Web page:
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## Reply to Maudlin: The Calibrated Cosmos

I recently read philosopher of science Tim Maudlin’s book Philosophy of Physics: Space and Time and thought it was marvellous, so I was expecting good things when I came to read Maudlin’s article for Aeon Magazine titled “The calibrated cosmos: Is our universe fine-tuned for the existence of life – or does it just look that way from where we’re sitting?“. I’ve got a few comments. Indented quotes below are from Maudlin’s article unless otherwise noted.

### In a weekend?

Theories now suggest that the most general structural elements of the universe — the stars and planets, and the galaxies that contain them — are the products of finely calibrated laws and conditions that seem too good to be true. … The details of these sorts of calculations should be taken with a grain of salt. No one could sit down and rigorously work out an entirely new physics in a weekend.

Two few quick things. “Theories” has a ring of “some tentative, fringe ideas” to the lay reader, I suspect. The theories on which one bases fine-tuning calculations are precisely the reigning theories of modern physics. These are not “entirely new physics” but the same equations (general relativity, the standard model of particle physics, stellar structure equations etc.) that have time and again predicted the results of observations, now applied to different scenarios. I think Maudlin has underestimated both the power of order of magnitude calculations in physics,  and the effort that theoretical physicists have put into fine-tuning calculations. For example, Epelbaum and his collaborators, having developed the theory and tools to use supercomputer lattice simulations to investigate the structure of the C12 nucleus, write a few papers (2011, 2012) to describe their methods and show how their cutting-edge model successfully reproduces observations. They then use the same methods to investigate fine-tuning (2013). My review article cites upwards of a hundred papers like this. This is not a back-of-the-envelope operation, not starting from scratch, not entirely new physics, not a weekend hobby. This is theoretical physics.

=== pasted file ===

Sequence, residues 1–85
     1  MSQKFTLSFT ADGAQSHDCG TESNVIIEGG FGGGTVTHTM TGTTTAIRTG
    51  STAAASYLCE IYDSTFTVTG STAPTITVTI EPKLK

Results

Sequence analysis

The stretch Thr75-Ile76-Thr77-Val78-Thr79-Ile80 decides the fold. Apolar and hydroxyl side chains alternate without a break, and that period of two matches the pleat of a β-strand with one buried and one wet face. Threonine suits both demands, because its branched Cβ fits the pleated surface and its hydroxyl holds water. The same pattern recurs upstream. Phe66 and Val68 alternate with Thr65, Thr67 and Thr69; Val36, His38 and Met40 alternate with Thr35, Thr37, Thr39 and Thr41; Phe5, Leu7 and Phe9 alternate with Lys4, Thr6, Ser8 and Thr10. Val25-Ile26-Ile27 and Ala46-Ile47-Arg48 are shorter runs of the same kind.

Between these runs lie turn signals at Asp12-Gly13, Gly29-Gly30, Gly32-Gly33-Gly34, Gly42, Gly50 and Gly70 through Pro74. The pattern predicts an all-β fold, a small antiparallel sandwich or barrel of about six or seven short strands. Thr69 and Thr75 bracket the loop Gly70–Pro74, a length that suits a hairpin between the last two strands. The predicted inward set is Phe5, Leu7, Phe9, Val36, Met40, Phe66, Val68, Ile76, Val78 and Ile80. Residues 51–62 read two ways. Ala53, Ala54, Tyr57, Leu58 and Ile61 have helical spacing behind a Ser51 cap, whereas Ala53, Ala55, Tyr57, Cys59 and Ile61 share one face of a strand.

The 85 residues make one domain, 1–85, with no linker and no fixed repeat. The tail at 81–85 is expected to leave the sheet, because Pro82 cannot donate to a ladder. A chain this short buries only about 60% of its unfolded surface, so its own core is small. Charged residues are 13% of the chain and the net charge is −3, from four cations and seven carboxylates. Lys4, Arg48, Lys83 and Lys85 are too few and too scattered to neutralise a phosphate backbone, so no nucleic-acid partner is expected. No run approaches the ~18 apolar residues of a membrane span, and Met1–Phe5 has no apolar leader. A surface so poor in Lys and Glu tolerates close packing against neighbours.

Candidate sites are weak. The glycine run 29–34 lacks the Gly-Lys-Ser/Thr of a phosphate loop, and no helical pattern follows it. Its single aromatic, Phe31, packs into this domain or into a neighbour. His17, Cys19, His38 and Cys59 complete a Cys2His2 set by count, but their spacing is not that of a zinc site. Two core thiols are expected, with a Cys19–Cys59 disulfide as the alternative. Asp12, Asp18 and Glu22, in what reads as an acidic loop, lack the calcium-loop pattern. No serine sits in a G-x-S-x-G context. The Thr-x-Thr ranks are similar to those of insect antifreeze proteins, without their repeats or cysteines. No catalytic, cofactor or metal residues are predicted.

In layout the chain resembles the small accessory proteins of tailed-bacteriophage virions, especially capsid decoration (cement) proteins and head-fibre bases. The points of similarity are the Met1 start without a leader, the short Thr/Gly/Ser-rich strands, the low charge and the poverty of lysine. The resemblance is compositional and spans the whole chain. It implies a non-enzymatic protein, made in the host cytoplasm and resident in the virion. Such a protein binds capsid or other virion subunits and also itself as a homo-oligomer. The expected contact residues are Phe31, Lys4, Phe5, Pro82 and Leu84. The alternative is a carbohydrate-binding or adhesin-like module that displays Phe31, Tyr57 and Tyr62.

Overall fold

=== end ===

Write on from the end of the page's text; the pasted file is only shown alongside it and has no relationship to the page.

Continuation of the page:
It can be unsettling to contemplate the unlikely nature of your own existence … Even if your parents made a deliberate decision to have a child, the odds of your particular sperm finding your particular egg are one in several billion. … after just two generations, we are up to one chance in 10^27. Carrying on in this way, your chance of existing, given the general state of the universe even a few centuries ago, was almost infinitesimally small. You and I and every other human being are the products of chance, and came into existence against very long odds.

The slogan I want to invoke here is “don’t treat a likelihood as if it were a posterior”. That’s a bit to jargon-y. The likelihood is the probability of what we know, assuming that some theory is true. The posterior is the reverse – the probability of the theory, given what we know. It is the posterior that we really want, since it reflects our situation: the theory is uncertain, the data is known. The likelihood can help us calculate the posterior (using Bayes theorem), but in and of itself, a small likelihood doesn’t mean anything. The calculation Maudlin alludes to above is a likelihood: what is the probability that I would exist, given that the events that lead to my existence came about by chance? The reason that this small likelihood doesn’t imply that the posterior – the probability of my existence by chance, given my existence – is small is that the theory has no comparable rivals. Brendon has explained this point elsewhere.

I find that this sort of example is a smokescreen.  Don’t sweat the small numbers you get from fine-tuning calculations, we are told, because small probabilities happen all the time. Sometimes a small likelihood does imply a small posterior. Sometimes it doesn’t. Which kind of case is fine-tuning? It depends on what rival theories can be offered.

… if a ‘constant of nature’ really is a fixed value, then it was not the product of any chancey process. It is not at all clear what it means to say, in this context, that the particular values that obtain were ‘improbable’ or ‘unlikely’.

Again, theory and data are backwards. What we want to know is: what is the probability that the value of a physical constant in our universe was set by a process that had life “in mind”, given that life-permitting universes like ours need to be fine-tuned? If the theory “the constants of nature are just fixed and that’s all there is to is” fails to predict a probability for the data, then it fails to have a likelihood, fails to have a posterior and thus fails to be able to be investigated rationally and should be rejected.

### What place us?